Accurate estimation of sub-surface structure is fundamental to exploration and reservoir characterisation. The majority of rocks found in the earth are anisotropic (i.e. the seismic velocity varies as a function of direction). This phenomenon can have a significant impact on the structure estimated from seismic data and yet is often neglected during seismic processing.

In order to account for the anisotropy, a new model-based inversion scheme has been developed and adopted for the final development mapping of the Elgin-Franklin fields.

For deep developments, such as Elgin / Franklin, the analytical depth conversion methods that currently dominate industry practice produce inaccurate structural interpretations, which significantly impact reserves assessment. The results of the model-based inversion, together with the corresponding uncertainty measures, have been incorporated into the development programme of the fields and the interpretation verified by subsequent drilling.


Elgin/Franklin is a deep (5000m-6000m) Upper Jurassic, high temperature, high pressure gas condensate accumulation, located within the UK Central Graben of the North Sea (Blocks 22/30c and 29/5b). The Elgin field is a complex faulted anticlinal structure, while Franklin comprises a tilted fault block structure (figs. 1 and 2). The structures were first interpreted on a 1989 3D seismic survey which was of generally poor quality, especially in the NW and SE of Elgin, and the N and NE on Franklin. The deterioration of data quality below the base cretacious unconformity, strong anisotropy in the overburden and a high degree of faulting, especially in Elgin area complicated seismic imaging.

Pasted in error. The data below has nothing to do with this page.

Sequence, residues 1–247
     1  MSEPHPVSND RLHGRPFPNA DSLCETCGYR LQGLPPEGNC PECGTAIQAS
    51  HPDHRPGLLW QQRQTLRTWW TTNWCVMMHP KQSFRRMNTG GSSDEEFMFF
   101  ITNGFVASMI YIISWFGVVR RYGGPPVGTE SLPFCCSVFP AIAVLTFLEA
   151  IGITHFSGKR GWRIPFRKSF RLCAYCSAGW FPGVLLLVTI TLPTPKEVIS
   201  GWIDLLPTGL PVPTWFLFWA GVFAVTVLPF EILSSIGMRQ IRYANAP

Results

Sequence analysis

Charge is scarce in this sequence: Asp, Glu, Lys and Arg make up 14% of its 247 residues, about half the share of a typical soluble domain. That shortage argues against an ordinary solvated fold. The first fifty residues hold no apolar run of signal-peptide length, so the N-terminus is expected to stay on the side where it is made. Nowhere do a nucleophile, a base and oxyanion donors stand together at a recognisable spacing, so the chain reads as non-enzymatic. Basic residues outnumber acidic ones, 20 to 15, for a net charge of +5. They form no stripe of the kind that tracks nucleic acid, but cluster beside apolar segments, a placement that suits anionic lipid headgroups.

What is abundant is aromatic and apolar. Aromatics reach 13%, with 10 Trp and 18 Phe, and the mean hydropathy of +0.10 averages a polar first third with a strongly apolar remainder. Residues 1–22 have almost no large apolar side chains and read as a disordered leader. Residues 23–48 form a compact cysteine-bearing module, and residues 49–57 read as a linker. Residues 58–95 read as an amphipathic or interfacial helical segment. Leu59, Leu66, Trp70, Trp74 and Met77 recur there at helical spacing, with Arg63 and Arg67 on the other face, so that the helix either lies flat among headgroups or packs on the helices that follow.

In order to estimate volumes as accurately as possible, accurate and detailed structural imaging of the fields became a main issue: on Franklin, this constituted the improved definition of the main North-eastern bounding fault and on Elgin the delineation of the boundary and intra-field faults. It was decided, therefore, to acquire a new 3D seismic data set in 1996. The new seismic considerably improved the data quality and interpretability. The issue of depth positioning of horizons and fault delineation was addressed by building a 3D depth velocity model followed by 3D post-stack depth migration.

Theoretical framework

In-house software was used to build the depth velocity model 6,7. The stacking velocity inversion technique adopted is designed to replace the standard Dix-type inversion schemes that currently dominate industrial practice. The approximations used in these standard analytical methods of velocity estimation are well known. Velocity heterogeneity, finite offsets and anisotropy all contribute to a systematic mismatch between stacking velocities and the vertical root-mean square (RMS) velocity which are assumed to be identical. Instead, a model-based technique is used that allows many of these fundamental problems to be overcome successfully.

The inversion is based around two stages of ray tracing (fig. 3). The first of these takes the picked horizons in migrated-time domain, backs-out the original time migration (a process known as demigration5), and then remigrates them into depth, using a hypothetical interval velocity field.

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